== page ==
US economic growth figures indicate inflationary dangers and may lead to the “Crime of the Century”

Last week ended with markets again mulling over prospects for this week’s meeting of the Federal Open Markets Committee or FOMC. Just to add to the speculation we received an update on US economic growth. However before I address those figures let me point out that the crucial moment will be at 2:15pm US time on Wednesday the 3rd and all eyes will be on the statement which is released. As only the size of their intervention appears to be in any doubt I will be providing a musical playlist for the rather dull hour before the announcement is made but there is still time for any late suggestions. Also other central banks will be meeting this week as we also get the Royal Bank of Australia, Bank of Japan, Bank of England and European Central Bank. Indeed the Bank of Japan has moved its meeting to this week presumably so it can respond if necessary to any move from the FOMC. Incase it was in any doubt on this issue the Yen closed at an all time closing high versus the US dollar on Friday at 80.39.

US third quarter GDP growth

These have been much debated figures over the past few months but in the event the headline figure was no great surprise as according to the Bureau for Economic Affairs.

Real gross domestic product — the output of goods and services produced by labor and property located in the United States — increased at an annual rate of 2.0 percent in the third quarter of 2010, (that is, from the second quarter to the third quarter),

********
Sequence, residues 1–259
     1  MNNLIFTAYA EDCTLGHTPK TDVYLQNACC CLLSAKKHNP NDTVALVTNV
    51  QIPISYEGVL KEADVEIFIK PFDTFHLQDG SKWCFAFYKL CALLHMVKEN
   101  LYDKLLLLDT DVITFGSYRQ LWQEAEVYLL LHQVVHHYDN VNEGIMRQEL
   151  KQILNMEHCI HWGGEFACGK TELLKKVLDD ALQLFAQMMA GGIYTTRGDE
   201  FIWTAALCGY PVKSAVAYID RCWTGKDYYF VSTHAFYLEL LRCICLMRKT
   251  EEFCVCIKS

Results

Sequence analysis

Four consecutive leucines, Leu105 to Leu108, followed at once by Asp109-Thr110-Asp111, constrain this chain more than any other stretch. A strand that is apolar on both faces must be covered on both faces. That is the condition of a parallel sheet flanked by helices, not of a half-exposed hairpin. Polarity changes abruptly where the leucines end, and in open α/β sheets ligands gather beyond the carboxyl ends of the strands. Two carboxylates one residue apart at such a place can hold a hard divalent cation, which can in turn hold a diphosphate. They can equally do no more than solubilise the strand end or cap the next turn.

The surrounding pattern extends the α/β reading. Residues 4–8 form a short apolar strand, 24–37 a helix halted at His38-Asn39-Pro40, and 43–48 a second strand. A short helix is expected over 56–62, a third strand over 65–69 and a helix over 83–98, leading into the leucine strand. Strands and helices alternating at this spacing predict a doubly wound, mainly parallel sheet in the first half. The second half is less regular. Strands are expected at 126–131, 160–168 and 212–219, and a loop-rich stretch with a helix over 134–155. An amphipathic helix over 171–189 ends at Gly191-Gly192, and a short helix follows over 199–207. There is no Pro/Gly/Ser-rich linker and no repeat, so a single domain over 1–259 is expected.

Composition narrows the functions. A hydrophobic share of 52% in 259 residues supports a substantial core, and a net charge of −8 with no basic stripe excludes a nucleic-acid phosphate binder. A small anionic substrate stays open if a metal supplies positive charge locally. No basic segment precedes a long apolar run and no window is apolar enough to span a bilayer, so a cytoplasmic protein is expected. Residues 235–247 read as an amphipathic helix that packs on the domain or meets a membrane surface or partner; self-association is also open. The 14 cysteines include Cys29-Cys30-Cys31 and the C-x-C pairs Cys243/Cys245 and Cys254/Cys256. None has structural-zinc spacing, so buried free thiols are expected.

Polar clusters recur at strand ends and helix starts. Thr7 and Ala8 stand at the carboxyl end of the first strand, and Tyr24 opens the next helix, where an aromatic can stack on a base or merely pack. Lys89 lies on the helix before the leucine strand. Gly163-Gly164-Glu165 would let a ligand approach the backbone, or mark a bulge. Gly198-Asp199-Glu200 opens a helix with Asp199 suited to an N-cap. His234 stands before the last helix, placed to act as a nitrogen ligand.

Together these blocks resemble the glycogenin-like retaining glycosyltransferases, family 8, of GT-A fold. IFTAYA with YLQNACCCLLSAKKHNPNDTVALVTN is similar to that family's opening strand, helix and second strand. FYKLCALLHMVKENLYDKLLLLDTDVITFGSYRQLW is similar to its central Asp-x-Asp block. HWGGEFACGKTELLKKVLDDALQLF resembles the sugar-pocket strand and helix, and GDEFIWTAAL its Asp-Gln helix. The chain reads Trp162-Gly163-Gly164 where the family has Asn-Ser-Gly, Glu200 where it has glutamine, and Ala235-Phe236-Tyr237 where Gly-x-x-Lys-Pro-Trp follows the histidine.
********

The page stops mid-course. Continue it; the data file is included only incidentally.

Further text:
If we take out the annualisation from these figures then we get a growth rate for the quarter of 0.5% which follows on from a growth rate of 0.4% in the second quarter. If you assume that this half-year of growth was repeated over a year you would get a growth rate of approximately 1.8% which on the fact of it is hardly a disaster. However it is insufficient to reduce US unemployment and if you look at past US recessions then it is slower than what would usually be expected at this point in a recovery.

If one looks at the detail of the report then one does find two disturbing issues in the detail. According to the BEA.

The change in real private inventories added 1.44 percentage points to the third-quarter change in real GDP after adding 0.82 percentage point to the second-quarter change. Private businesses increased inventories $115.5 billion in the third quarter, following increases of $68.8 billion in the second quarter and $44.1 billion in the first.

So an upwards adjustment in inventories contributed 72% of the growth in the third quarter and this followed on from the second quarter where they contributed 51% of the growth. This is significant because there is a limit to how much inventories are likely to grow as companies only build them up in anticipation of future sales. So either we will see an expansion in US demand or the inventory build-up will stop or even worse it may reverse. This build up of inventories is at a historically high level and accordingly also runs the danger of being revised downwards in future revisions. Recent revisions to US growth have tended to be downwards and of the last 6 numbers 5 have been revised downwards.